The sessions court in Kolkata is expected to pronounce the quantum of sentence for the three convicted in the Park Street gang rape that took place in 2012.
The accused, Sumit Bajaj, Ruman Khan and Naseer Khan, were convicted on Thursday afternoon almost three years since the crime. The woman – Suzette Jordan, an Anglo-Indian mother of two, died in March this year of multi-organ failure in a city hospital after a long battle for justice. She had come out in public to further her cause.
Jordan’s family, who also took up her fight, said they felt a sense of vindication despite the drawn out legal procedure.
“Her soul can now rest in peace. Justice has been delivered and we are happy. It has been tough on her and tough on the family,” her sister told reporters outside the court.
Her father said, “We have gone through a lot. My daughter is no more, but justice has been delivered.”
Chief minister Mamata Banerjee, who had stormed to power in the state just 11 months earlier, had to face severe criticism after she described the incident as “staged” and “designed to malign” her government.
A police team led by former joint commissioner of police (crime) Damayanti Sen had investigated the case and apprehended three of the accused. Sen was later transferred as DIG (training) to Barrackpore, a post considered low-profile in police circles.
Banerjee faced another round of criticism when Sen was transferred -- a move regarded as an outcome of her contradicting the chief minister.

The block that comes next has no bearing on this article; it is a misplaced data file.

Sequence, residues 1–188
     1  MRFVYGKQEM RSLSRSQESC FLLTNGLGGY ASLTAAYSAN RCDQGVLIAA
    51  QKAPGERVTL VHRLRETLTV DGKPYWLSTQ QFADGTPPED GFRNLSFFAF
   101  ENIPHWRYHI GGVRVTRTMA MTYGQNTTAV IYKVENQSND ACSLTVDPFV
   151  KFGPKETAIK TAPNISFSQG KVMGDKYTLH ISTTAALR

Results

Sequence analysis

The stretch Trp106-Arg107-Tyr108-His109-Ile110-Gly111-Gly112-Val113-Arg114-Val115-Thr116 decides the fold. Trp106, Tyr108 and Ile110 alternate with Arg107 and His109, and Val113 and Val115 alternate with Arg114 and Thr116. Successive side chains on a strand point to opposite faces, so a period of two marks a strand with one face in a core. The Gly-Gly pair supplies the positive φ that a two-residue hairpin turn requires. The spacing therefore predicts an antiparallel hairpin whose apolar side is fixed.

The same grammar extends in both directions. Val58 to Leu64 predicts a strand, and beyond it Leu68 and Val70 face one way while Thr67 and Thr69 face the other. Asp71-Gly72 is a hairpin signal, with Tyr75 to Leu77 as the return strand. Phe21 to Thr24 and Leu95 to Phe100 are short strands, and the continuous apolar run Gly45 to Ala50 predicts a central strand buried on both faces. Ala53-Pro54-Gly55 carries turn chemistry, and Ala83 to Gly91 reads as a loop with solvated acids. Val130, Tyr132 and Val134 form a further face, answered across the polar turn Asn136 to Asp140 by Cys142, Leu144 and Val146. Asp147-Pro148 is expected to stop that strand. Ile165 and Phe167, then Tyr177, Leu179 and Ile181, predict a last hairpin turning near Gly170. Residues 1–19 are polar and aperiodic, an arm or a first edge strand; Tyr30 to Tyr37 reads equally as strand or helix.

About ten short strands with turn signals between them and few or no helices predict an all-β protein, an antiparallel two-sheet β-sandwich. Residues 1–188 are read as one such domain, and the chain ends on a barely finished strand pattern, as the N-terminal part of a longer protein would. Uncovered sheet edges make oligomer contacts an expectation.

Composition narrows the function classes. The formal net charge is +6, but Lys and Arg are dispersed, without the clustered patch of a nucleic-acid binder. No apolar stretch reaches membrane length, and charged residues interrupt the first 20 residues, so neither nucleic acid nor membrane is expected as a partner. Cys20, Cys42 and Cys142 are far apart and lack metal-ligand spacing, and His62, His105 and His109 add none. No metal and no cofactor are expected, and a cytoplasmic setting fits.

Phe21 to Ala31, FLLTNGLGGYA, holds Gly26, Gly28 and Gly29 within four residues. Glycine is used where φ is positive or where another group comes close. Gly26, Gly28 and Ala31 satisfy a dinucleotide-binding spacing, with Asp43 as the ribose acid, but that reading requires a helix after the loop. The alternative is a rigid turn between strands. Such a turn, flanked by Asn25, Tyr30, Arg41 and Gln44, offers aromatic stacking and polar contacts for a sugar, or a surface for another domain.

Jordan, who was then 37 years old, was raped by five men on the night of February 6, 2012, after they befriended her at a night club on Park Street. Two others, including prime accused Kader Khan, are yet to be arrested.
Soon after the incident, Kader fled to Mumbai and managed to escape before Kolkata Police could reach there.
The trial went on in camera for more than two years. As many as 45 witnesses were examined.
After the incident, the woman faced many adverse situation with a lot of courage and even started empowering survivors like her through a helpline.
“Why should a person, who was raped, be called a victim when she is actually a survivor?” Jordan had said once in an interview.
Faced with the responsibility off two teenage daughters, she desperately tried to procure a job, but without any success.
In 2013, shaking off inhibitions she revealed her identity by marching on the streets of the city to protest against a series of rapes and murders in West Bengal.